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pelly's 60 minute report on thyt trump and what sparked it. >> according to the whistle blower report he was told the record of the report dwas removed from the usually computer system to a separate system that is otherwise used to store and handle classified information of an especially sensitive nature. wednesday, the day the record the call was revealed, mr. trump melt in new york with the man on the other end of the phone, the ukraine president who was asked if he felt pressure. >> it was normal. we spoke about many things. so i think when you read it nobody pushed me. >> in other words, no pressure.
because you know what, there was no pressure. and by the way, you know there was no pressure, all you have to do is see what went on on the call. >> but it's not just the call. investigators believe white house pressure began months before. vice president pence cancelled plans to attend the inauguration and then president trump suspended $4 million in aide to the ukraine >> i didn't threaten anybody. >> the impeachment began when the president was in new york. >> it's all a hoax and the witch hunt continues but they're getting hit hard because when they look at the information it's a joke. impeachment? for that? >> when mr. trump visited
america's u.n. staff appeared -- >> i want to know who gave the whistle blower the information. that person was spying. you know what we would do in the olden days when we were smart with spies and treason we handled it a little differently than we do now. >> the president's remarks prompted the whistle bloeler's learn to send a director to the active national intelligence and thanked him for the appropriate resources to ensure their client's safety, saying certain individuals are offering $50,000 bounty for their client's identity. >> the president suggested people behind this, perhaps spies, are guilty of treason. hard to describe how loge
loathsome that is. >> your republican colleagues just went through this, the mueller report was inconclusive, drug the country through it two years and now we're going to do it again. >> after the last two years we've been through the president well-understood it was illegal to seek foreign assistance in a campaign an immediately after mueller investigation that's exact play what he was back doing again. >> robert mueller testified on july 24th and the call the next morning. >> will any republican vote in favor of impeachment in your view? >> having seen the transcripts, having listened to my conference, i haven't heard one member from any element inside there tell he me this rises to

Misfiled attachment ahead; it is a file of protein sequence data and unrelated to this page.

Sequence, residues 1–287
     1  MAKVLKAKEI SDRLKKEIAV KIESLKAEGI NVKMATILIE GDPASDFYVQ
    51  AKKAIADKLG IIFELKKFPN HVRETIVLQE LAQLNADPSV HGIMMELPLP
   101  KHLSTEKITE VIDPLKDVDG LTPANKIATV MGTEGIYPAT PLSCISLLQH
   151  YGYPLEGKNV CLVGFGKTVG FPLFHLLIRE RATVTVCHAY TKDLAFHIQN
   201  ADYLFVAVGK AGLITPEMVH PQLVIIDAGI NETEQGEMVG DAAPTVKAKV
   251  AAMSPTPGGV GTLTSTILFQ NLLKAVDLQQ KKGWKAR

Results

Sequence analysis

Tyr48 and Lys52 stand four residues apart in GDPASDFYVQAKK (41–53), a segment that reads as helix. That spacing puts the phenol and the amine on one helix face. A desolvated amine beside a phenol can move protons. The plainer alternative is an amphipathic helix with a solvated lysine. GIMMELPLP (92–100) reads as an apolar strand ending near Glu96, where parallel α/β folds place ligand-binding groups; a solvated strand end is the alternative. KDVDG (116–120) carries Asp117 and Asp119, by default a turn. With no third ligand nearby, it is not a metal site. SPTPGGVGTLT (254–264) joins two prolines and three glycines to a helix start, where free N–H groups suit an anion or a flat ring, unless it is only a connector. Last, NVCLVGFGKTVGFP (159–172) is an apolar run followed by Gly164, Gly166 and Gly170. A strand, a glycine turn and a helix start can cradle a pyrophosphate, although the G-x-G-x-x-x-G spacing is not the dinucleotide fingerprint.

impeachment. >> since our interview one republican representative has announced support for the impeachment inquiry and the dais chair of the campaign in nevada. >> some will say there's nothing that rises to the level of high crime. >> they're wrong. it remains to be seen. it is not just the call but sequence of events. you withdraw couple hundred million dollars worth of assistance to a country and couple days later say by the way can you help me with my campaign. there's a sequencing there. >> what's your message to the white house in terms of cooperation. >> to the white house? speak the truth. honor your oath of office to the constitution of the united states. speak the truth and let us work
to mark the 50 years anniversary of the beatles "abbey road" there's a remix version. could it possible by be better thanhe ogil. ♪ >> the opening track sets the tone for what would become the be beatles swan song. ♪ come together ♪ right now ♪ over me ♪ >> last time they'd come together to record an album but john, paul, george and ringo worked harder knowing it was their chance says the record
producer john martin. >> i played the song "come together" was about ringo and paul here at abbey road. abbey road was a dhnoamlaying together. >> he's now remaster the sound to mark the 50th anniversary. it's a sound that runs through his veigns his father helped to launch the fab four from right here in this studio. >> the beatles and that album helped to make abbey road one of the most famous studios in the world but paul mccartney said when they first starting recording her wornt allowed in the front door and had to use a side entrance. >> we'll try once more very loud and if we don't get it try it the other way. >> insight to a band in harmony. not acrimony.
and the album gave rise to another song-rising talent. ♪ here comes the sun ♪ >> turns out george harrison could write too. >> george harrison wrote a song very perfect for right now in the universe. ♪ something in the way she moves ♪ ♪ >> he suddenly hit this rich veign. >> the top of her talent at the top of their game and about to end it all as aband. >> t >> they were about to cut it short themselves but abbey road is like the light was shining and switched off by the band because they didn't make any more records but the record they left us with is one of the best records they made. that's why i think it is so uncommon. >> and why it's more apparent even 50 years on that abbey road
was streets ahead of its time. charlie london. caiounded bs it's tuesday, october 1st, 2019. this is the "cbs morning news." accelerates. president trump's personal attorney rudy giuliani is subpoenaed and now secretary of state mike pompeo is linked to the call that's at the center of the investigation. spy games. a california man is accused of selling secrets to china. an alleged incident was caught on camera. and out of control. an airport vehicle spins round and round near a jetliner. how it was stopped before a disaster.